Skin Cancer Screening Tips for the Summer Months and All Year Round
The warm summer months are upon us, bringing those lazy days where we want to just lounge in the sun, soaking up those bright sunny rays. We love having that bronze look to our skin. Often that tanned look brings the feeling of being healthier and more attractive. However, that tanned look can bring some health risks, most notably skin cancer.
Skin’s Overlooked Functionality
The skin is actually the largest organ in the body, and has many important functions, making it imperative to keep it healthy. The skin acts as a barrier to germs, controls the temperature of the body, prevents the loss of too much water, and it also help the body create Vitamin D. It is important to keep our skin as healthy as possible because it acts as the body’s largest barrier against possible infections.
Unfortunately, statistics show that one in five people will have skin cancer within their lifetime. The most common are squamous cell and basal cell carcinomas, with melanoma being the deadliest. Statistic also show that when skin cancer is detected and treated early, it has a very high cure rate.
Skin cancer can be easily identified in early stages, and so monthly self-screening of moles is very important. When doing a self-exam of your moles, you should use the ABCDE’s of skin cancer recognition:
- Asymmetry — One half of the mole does not look like the other.
- Border — The border of the mole appears scalloped, irregular, or poorly defined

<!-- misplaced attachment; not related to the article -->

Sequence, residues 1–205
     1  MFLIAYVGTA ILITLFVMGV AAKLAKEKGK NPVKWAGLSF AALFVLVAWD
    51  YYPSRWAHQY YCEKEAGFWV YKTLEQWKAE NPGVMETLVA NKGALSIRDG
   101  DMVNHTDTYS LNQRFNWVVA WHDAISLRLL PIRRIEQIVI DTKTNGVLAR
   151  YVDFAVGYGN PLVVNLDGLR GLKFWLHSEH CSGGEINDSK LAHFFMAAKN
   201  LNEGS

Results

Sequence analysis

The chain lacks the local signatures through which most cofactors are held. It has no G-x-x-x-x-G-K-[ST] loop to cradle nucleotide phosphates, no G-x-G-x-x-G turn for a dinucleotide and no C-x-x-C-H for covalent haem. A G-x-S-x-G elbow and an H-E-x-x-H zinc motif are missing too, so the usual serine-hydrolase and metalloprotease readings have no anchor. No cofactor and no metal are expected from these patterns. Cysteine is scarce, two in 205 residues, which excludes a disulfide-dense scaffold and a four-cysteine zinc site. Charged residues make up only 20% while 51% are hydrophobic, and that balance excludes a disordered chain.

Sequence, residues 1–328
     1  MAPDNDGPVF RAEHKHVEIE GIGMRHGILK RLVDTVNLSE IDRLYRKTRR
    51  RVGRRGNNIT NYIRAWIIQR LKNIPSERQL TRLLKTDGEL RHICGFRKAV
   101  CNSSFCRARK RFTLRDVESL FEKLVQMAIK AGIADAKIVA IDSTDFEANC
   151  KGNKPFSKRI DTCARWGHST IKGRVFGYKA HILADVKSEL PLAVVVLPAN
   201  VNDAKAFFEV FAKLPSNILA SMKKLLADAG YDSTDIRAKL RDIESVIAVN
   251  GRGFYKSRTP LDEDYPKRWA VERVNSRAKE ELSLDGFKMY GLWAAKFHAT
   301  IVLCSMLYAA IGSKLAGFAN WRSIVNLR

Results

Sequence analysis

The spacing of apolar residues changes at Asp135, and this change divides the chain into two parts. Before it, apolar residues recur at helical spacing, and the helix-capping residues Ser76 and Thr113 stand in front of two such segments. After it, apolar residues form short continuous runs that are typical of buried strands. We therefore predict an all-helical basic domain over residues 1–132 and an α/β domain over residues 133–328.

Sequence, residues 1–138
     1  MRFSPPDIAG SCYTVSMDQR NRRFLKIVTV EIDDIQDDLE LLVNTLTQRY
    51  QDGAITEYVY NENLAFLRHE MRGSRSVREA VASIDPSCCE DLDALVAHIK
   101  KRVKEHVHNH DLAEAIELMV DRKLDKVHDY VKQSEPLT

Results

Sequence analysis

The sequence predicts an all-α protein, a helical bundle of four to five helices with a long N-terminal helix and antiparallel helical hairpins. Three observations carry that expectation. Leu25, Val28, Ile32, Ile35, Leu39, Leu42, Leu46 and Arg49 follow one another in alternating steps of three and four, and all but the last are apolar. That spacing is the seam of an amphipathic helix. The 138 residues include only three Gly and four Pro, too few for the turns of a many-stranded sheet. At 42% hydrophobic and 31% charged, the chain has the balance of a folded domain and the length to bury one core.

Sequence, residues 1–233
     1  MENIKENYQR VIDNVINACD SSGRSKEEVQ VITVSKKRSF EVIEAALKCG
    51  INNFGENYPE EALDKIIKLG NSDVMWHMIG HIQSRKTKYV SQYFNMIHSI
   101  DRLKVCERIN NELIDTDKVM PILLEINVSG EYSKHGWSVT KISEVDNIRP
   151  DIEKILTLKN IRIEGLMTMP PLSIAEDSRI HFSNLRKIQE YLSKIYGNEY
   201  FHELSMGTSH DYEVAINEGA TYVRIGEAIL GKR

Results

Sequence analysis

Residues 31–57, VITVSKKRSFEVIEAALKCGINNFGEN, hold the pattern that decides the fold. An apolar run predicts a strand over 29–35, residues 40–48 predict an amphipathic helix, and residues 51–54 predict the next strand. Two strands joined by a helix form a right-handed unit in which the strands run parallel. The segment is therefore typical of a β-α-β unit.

- Color — Any variation of color in the area of the mole
- Diameter — Moles that are larger than 5mm are suspect
- Evolving — When a normal mole starts changing. These changes can be size, color, bleeding, itchiness, or crustiness.
If you feel that a mole may be problematic, it is important to consult your physician as soon as possible.
Preventing Skin Cancer
Prevention of skin cancer is also important. Summer skin care tips include using sunscreen that contains both UVA and UVB protection, wearing clothing and hats to keep harmful UV rays away from the skin, and trying to avoid the sun between 10 a.m. and 4 p.m. — the time of the day when UV rays are the strongest.
Dr. Thomas Wright of the Laser Lipo and Vein Center emphasizes that the health of your skin is very important. He says that proper sun protection is very important. He continues, “If you suspect skin cancer, please come in and get it checked as soon as possible. Early detection is the first step in curing skin cancer.”